Performance and Yield Assessment of Grid – Connected Solar Photovoltaic (PV) Dispersed Generation in Nigeria
Keywords:Dispersed generation, photovoltaic, yield assessment, renewable, resource harnessing.
The problem of Renewable Dispersed Generation (RDG) and renewable resource harnessing in most cases, is not the inadequacy in resource distribution at a particular location, but rather the perpetually deprived exploitation of these resources. The existing dread for the performance of distributive generation systems that utilize renewable source for power generation has crippled generation expansion in most parts of Nigeria for several years. This study is therefore aimed at performing a practical assessment on the productivity of solar PV systems in Nigeria. In this study, five states with diverse geographical or meteorological data were selected from the cardinal regions of the country to include Sokoto State in North West, Borno State in North East, Ogun State in South West, Rivers State in South East and Abuja, the Federal Capital Territory at the center. The global horizontal radiations available from the National Aviation and Space Agency, NASA for these cities were used in simulating the performance of a 1- MW grid-tied solar PV plant using the PVsyst software. PVsyst simulation findings revealed that the performance parameters with respect to energy production favor the cities in the northern region more than the cities in the southern region with capacity factors decreasing from 20.46% in the northern region to 16.21% in the southern region for a 1- MW solar PV plant located in these regions. This was seen to reflect on the corresponding annual energy yield of similar systems sited in these locations. Also, the performance ratios of these systems given their respective reference yields were observed to be better in the southern region than the northern region of Nigeria, this could be attributed to external factors that can influence system efficiency. These factors tend to favor the systems located at the southern region better than those at the northern validating this study as a decision tool for the predictability of the performance of any Renewable Dispersed Generation, RDG systems utilizing solar energy at other regions of the country.
Titus Koledoye Olugbenga AGJ. The Current and Future Challenges of Electricity Market in Nigeria in the Face of Deregulation Process. African Journal of Engineerung Research 2013; 1(2): 33-39.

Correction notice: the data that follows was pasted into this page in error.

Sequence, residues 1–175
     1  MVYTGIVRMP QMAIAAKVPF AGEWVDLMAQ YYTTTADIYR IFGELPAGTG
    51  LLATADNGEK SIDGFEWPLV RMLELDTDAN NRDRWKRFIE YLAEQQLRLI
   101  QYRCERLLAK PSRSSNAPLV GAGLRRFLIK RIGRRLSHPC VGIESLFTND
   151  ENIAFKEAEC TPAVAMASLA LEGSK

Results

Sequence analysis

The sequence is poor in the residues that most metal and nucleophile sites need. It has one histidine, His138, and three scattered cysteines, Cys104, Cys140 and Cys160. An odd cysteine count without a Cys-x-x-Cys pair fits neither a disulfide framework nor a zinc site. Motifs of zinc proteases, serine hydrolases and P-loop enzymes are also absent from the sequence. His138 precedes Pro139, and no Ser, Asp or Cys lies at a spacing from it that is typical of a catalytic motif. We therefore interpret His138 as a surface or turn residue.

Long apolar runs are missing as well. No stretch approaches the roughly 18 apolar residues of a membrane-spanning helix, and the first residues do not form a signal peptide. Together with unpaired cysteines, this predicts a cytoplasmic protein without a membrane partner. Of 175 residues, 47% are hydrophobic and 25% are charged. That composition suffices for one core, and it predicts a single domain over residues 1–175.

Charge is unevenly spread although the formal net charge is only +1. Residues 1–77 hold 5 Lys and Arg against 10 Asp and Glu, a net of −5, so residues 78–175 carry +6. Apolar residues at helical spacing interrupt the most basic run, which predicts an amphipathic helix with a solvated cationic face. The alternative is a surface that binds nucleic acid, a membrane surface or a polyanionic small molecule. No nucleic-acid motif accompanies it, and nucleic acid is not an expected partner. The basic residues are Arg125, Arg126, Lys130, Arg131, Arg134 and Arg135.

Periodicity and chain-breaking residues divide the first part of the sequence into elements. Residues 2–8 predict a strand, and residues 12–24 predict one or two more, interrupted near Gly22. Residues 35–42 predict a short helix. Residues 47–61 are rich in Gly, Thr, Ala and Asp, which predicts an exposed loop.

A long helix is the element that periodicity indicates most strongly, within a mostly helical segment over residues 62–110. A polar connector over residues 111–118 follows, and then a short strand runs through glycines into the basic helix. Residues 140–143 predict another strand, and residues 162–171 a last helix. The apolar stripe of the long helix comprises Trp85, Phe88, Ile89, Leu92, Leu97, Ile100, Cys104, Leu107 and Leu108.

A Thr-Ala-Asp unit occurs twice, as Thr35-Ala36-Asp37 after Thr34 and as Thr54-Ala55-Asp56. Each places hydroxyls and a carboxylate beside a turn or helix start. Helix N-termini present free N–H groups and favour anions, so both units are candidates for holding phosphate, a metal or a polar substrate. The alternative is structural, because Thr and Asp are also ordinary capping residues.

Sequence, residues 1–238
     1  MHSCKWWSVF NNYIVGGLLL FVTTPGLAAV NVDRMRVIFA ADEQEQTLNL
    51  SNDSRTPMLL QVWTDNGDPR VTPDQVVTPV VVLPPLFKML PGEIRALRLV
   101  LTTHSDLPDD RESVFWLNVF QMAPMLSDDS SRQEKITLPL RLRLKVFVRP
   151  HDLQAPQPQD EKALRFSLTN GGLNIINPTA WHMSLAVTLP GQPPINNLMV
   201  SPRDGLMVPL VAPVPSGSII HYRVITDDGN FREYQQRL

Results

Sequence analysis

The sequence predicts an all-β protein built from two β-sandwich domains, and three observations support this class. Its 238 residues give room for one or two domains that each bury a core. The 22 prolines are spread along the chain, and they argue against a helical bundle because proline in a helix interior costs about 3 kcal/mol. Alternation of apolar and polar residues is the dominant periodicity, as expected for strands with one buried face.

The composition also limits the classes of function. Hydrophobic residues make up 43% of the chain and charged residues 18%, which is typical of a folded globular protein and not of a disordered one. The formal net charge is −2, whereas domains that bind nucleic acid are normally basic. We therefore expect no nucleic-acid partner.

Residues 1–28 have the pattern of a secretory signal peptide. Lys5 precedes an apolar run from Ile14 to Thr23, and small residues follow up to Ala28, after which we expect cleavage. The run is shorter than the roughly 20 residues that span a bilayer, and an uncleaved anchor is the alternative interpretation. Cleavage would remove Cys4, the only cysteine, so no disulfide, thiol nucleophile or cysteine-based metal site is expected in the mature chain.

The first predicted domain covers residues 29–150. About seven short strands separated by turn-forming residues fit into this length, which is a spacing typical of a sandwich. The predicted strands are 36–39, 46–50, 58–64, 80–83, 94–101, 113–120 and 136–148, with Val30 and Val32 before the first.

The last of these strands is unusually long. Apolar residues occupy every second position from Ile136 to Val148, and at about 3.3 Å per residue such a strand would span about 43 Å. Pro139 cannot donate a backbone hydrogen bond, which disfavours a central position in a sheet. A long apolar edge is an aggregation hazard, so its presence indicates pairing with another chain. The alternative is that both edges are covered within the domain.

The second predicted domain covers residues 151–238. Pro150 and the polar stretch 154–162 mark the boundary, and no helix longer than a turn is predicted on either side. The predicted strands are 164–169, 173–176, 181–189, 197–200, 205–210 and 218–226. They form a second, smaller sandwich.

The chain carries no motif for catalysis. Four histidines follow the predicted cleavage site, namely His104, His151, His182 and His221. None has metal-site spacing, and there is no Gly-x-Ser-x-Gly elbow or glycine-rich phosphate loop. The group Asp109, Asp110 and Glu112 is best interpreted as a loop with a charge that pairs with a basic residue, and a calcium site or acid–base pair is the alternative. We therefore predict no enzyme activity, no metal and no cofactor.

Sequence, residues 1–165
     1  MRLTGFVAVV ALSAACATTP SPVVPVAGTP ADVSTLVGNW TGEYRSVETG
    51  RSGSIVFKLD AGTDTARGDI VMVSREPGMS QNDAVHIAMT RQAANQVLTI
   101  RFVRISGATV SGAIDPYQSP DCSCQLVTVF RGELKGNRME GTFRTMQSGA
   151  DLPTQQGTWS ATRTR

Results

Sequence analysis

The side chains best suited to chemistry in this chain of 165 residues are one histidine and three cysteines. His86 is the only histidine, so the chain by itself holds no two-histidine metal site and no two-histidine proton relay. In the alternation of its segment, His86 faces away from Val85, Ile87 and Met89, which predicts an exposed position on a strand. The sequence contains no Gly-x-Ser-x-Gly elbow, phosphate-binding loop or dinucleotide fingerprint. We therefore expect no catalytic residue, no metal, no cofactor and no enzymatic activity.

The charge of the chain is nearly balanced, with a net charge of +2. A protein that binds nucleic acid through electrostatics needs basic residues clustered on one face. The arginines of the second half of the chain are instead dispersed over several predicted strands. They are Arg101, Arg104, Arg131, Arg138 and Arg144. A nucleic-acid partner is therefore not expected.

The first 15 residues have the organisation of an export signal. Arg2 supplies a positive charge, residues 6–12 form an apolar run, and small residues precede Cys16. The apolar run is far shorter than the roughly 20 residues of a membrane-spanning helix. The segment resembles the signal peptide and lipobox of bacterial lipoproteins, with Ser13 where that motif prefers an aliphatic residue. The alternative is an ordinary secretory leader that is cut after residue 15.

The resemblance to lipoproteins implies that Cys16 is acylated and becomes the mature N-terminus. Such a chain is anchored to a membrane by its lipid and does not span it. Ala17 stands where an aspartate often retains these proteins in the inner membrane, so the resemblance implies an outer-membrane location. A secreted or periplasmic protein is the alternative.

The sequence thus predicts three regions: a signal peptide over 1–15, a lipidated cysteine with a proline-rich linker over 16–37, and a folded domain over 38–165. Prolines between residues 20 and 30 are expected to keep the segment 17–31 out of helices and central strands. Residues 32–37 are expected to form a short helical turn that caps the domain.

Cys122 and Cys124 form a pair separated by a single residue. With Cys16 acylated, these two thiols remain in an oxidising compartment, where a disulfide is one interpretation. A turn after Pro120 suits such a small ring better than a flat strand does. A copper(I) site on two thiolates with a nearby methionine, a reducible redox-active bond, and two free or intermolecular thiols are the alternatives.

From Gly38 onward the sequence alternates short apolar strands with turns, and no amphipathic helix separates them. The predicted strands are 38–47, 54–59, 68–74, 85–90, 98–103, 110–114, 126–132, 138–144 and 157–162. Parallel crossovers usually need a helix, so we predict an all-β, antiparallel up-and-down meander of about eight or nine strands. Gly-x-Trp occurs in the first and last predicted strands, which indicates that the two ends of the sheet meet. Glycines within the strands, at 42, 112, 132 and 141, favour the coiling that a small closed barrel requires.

Isola WA. An Analysis of Electricity Market structure and its Implications for Energy Sector Reforms and Management in Nigeria. Global Advanced Research Journal of Management and Business Studies 2012; 1(5): 141-149. Retrieved from http://garj.org/garjmbs/index.htm
Zeineldin H, El-Saadany E and Salama MM. Impact of DG Interface Control on Islanding Detection and Non Detection Zones. IEEE Transactions on Power Delivery 2006; 21: 1515-1523. https://doi.org/10.1109/TPWRD.2005.858773
Kurt DJr. Africa’s Renewable Energy Potential: www.africa.com/africasrenewable-energy potential. 2015
Zellagui M, Karimi M, Mokhlis H, Benabid R and Chaghi A. Impact of Renewable Dispersed Generation on Performance of Directional Overcurrent Relay on MV Distribution Power System. International Conference on Electrical Engineering CEE. Batna, Algeria: Researchgate 2014.
National Renewable Energy And Energy Efficiency Policy (NREEEP) (2015): Approved FEC for the Electricity Sector. www.power.gov.ng/download/NREEE%20POLICY%202015 %20FEC%20APPROVED%20COPY.pdf
Onagoruwa B. Nigerian Power Sector Reforms and Privatisation. Nigeria: Director General, Bureau of Public Enterprises 2011.
Joseph IO. Issues and Challenges in the Privatized Power Sector in Nigeria. Journal of Sutainable Development Studies 2014; 6: 161-174.
Felix AA. Voltage Stability Investigation of Power Systems with Grid-Connected Wind Turbine Generators:A Case Study of The Nigerian Distribution System. Thesis, Covernant University, Electrical and Information Engineering, Ota, Ogun State 2014.
Olayinka S. Estimation of global and diffuse solar radiations for selected cities in Nigeria. International Journal of Energy and Environmental Emgineering 2011; 2: 13-33.
Offiong A. Assessing the Economic and Environmental Prospects of Stand-by Solar Powered Systems in Nigeria. J Applied Sci and Env Management 2003; 7(1): 37-42. https://doi.org/10.4314/jasem.v7i1.17163
Akpabio LE and Etuk SE. Relationship between Global Solar Radiation and Sunshine Duration for Onne, Nigeria. Turk J Phys 2003; 27: 161-167.
Blazev A. Solar Tecnologies for the 21st Century. (2013) USA. Fairmont Press, Inc.ISBN0-88173-697-X.
Anthony F, Durschner C and and Remers K. Photovoltaics for Professionals: Solar Electric Systems; Marketing, Design and Installation. Germany, Beuth Verlag GmbH 2010: www.beuth.de.
The German Solar Energy Society (DGS LV Berlin BRB), Ecofys. (2006). Palnning and Installing Photvoltaic Systems: A guide for installers, architects and engineers. USA: James & James Science Publishers Ltd.
Alsema EA. Energy pay-back time and CO2 emissions of PV systems; progress in photovoltaic Resource Application 2000; 8: 17-25.
Nordmann T, Clavadetscher L, Sark WG and Mike Green. Analysis of Long-Term Performance of PV Systems: Different Data Resolution for Different Purposes. IEA International Energy Agency. Retrieved 2014-2016.
Quaschning V. Understanding Renewable Energy Systems, Earthscan Publications Ltd, London 2005.
PVSyst Version 6.0 Help Documents/ Simulation variable: Standalone System.
Hay JE. Calculation of Monthly Mean Solar Radiation for Horizontal and Inclined Surface. Solar Energy 1979; 23(4); 301-308. https://doi.org/10.1016/0038-092X(79)90123-3